Educated girls and women tend to be healthier, have fewer children, earn more income and provide better health care for themselves and their future children. These benefits also are transmitted from generation to generation and spreading across communities, so focusing on girls’ education is an especially good investment for any country.

But getting all girls to school is not always as simple as building schools, buying pencils, and hiring teachers. Poor families may need girls to work at home, and many girls lose days of class during their periods, or stay home because schools have no proper toilets. Free school meals, decent separate toilets for boys and girls, and access to sanitary pads have all been shown to get more children and teenagers to school.

War on young minds

Despite the good results from these special solutions, there is one big obstacle to reaching the goal of education for everyone: war. More than a third of the last children out of school live in conflict areas, where society and normal way of life break down and children are often forced to flee with their families.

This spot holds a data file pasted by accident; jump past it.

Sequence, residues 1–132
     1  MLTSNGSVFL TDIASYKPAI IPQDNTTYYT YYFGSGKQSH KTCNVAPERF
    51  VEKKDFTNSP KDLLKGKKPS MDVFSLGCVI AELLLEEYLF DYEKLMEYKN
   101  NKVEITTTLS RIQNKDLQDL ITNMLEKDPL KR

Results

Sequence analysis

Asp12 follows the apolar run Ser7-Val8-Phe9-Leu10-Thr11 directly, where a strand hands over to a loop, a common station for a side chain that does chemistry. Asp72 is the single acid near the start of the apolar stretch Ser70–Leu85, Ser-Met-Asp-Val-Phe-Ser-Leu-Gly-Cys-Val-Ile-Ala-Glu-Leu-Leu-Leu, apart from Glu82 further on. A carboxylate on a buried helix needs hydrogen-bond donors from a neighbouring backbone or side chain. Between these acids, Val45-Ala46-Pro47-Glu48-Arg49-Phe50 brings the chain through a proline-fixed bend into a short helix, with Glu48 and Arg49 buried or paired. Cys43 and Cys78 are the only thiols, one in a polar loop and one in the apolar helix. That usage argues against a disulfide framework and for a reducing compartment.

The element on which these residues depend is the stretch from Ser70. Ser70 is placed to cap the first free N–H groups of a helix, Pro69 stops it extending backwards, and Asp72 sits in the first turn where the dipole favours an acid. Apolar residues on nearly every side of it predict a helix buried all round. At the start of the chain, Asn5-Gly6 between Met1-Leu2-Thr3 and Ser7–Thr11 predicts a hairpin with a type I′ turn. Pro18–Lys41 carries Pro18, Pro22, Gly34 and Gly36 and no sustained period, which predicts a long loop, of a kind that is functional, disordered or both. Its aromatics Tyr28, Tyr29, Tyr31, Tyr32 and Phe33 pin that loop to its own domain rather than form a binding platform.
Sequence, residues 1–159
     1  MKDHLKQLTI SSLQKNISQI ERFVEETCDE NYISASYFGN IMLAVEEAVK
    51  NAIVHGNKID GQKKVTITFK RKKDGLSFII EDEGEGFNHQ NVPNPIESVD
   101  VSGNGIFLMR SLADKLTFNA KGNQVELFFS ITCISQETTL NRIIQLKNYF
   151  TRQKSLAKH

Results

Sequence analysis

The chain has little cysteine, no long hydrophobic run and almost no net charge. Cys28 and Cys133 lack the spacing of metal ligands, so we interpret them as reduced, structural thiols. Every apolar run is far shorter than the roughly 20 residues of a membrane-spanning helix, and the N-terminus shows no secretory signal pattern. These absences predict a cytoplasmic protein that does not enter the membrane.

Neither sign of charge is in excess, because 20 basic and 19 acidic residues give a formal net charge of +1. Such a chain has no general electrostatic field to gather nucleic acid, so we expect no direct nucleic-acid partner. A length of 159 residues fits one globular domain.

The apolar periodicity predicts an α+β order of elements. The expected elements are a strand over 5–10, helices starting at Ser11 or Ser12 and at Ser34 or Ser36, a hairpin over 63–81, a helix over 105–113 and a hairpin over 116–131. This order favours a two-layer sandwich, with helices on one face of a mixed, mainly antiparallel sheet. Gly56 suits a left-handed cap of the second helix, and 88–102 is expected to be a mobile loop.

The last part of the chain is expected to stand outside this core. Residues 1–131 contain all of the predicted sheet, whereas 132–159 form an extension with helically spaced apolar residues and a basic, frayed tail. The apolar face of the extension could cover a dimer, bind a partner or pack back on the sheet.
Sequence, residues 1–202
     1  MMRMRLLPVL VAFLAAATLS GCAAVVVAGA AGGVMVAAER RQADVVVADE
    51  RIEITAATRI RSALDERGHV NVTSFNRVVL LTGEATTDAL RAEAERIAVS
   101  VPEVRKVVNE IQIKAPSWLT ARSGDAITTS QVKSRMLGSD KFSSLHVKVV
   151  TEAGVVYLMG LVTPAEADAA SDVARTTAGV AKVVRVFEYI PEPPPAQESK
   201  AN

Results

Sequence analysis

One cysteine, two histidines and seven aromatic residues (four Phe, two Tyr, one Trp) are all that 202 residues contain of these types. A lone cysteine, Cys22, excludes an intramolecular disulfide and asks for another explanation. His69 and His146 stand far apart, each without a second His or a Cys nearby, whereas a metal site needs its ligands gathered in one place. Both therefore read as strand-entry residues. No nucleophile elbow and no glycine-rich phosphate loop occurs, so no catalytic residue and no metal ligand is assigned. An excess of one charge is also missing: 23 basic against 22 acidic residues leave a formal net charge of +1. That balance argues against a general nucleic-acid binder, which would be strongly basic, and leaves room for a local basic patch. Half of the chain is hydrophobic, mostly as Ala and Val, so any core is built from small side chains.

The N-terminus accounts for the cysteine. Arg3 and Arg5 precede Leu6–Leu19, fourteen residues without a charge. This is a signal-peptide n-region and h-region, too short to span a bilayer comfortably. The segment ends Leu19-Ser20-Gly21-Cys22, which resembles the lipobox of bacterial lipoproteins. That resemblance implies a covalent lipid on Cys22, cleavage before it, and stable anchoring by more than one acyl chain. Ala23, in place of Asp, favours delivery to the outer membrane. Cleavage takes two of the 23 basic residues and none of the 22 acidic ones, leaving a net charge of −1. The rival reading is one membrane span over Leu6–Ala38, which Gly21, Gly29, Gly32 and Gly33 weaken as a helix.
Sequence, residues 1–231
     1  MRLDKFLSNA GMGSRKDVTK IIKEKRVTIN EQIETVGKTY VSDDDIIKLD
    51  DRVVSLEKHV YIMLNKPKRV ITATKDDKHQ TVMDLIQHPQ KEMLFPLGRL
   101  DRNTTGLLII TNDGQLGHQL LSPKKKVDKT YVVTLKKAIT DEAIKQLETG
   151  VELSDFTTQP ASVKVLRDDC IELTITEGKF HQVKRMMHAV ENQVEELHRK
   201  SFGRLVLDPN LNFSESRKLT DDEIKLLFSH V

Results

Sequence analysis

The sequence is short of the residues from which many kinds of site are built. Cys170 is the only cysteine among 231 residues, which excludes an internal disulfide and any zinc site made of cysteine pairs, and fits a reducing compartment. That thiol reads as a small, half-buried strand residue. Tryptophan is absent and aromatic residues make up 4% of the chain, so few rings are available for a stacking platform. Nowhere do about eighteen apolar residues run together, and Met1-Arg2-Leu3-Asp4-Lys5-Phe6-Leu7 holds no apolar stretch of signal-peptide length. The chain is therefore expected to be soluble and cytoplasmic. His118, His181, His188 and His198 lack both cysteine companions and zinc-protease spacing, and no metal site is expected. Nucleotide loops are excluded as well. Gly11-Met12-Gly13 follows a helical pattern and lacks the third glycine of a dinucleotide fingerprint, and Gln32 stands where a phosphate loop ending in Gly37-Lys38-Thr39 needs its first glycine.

There are now 65 million forcibly displaced people in the world, and despite efforts by the United Nations and others, only half of the refugee children are enrolled in school. These children risk becoming a ‘lost generation’, because just as there’s huge benefits to having education, losing out on school is a severe handicap in any modern society.

While education is needed for a peaceful world, more peace and stability will be needed to reach the goal of educating all children before 2030.